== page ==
45. Classic man, I love it. For all the people saying we should be educating, we ARE. Apple obviously forgot about User Experience so even though it may seem deceptive, I think we’re just reminding people what SHOULD have shown up. I’d love to be working for Apple Customer Service when a user calls up to ask what the blue lego is (As you’re put on hold and they scurry around asking, “Didn’t we kill the blue lego guys? – why is it still showing up?”). Great work brother.

  46. I wouldn’t of had as big of issue with Apple’s move if they would have informed developers before the release of the iPad. In my case I have been building an iPad app in flash for a few months and last week purchased an iPad for the purpose of testing the app. So today I called Apple and told them I would be returning this worthless pos and I want my refund. I feel for all the flash developers that got suckered into this dirty trick by Apple. There’s no other way explanation for this sudden change other then to steal the money from all the flash developers who they knew were going to buy it on day 1, then get it home and open it and refuse a refund. Go screw yourself Apple!! This was a highly targeted form of bait and switch, Apple should be sued for this!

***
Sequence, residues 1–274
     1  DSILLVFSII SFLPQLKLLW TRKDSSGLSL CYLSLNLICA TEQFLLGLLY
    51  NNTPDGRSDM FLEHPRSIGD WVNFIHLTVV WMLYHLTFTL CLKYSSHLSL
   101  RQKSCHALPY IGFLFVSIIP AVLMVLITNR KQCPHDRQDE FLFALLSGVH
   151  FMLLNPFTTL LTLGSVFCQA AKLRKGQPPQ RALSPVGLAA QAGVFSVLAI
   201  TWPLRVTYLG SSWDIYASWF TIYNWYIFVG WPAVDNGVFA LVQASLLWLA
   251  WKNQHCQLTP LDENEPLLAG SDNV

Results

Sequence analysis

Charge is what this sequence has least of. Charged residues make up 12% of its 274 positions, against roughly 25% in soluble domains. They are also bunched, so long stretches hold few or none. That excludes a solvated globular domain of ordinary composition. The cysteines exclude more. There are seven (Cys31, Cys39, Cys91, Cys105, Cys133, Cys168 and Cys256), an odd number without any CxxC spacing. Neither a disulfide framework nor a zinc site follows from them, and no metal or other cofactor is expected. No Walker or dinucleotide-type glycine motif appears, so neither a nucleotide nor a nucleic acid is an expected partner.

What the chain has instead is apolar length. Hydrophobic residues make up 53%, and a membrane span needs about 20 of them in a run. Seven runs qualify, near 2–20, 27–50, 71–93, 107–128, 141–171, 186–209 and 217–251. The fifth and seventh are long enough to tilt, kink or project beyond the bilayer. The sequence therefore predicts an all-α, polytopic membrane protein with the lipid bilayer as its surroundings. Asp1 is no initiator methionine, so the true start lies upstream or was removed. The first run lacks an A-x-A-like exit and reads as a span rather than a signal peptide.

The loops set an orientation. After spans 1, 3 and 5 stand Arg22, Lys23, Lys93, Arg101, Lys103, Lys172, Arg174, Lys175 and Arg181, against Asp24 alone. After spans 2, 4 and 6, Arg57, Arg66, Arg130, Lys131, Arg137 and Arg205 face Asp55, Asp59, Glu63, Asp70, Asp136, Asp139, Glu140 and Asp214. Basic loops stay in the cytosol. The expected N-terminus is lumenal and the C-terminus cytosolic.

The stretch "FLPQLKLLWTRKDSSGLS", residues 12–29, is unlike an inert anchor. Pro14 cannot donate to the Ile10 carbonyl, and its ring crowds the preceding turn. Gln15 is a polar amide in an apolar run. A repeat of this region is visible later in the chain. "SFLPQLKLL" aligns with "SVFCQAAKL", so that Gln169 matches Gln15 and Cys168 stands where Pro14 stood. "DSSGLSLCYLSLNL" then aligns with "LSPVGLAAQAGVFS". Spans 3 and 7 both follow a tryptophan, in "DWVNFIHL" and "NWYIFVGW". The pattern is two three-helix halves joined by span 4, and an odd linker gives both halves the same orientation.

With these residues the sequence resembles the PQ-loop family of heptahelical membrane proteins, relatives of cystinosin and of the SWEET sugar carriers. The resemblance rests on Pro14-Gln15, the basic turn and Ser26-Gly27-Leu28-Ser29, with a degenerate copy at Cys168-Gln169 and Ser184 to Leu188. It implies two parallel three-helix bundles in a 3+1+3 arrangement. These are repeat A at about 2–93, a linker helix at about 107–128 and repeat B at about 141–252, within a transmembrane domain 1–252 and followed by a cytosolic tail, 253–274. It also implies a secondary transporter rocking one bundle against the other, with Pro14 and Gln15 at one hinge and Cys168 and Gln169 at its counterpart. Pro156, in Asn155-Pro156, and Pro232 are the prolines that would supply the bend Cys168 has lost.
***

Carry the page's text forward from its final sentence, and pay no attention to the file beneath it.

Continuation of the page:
47. Haha, i would replace the lego-logo with a “Sry, dude, u r a looser.” ^_^

  48. apple is doing some bad choices, nice job

  49. omg, this is so lame, Apple i mean. Also this kind of stuff brings problem to our lives at work.

    i´m IN! dont hide your lak of support apple!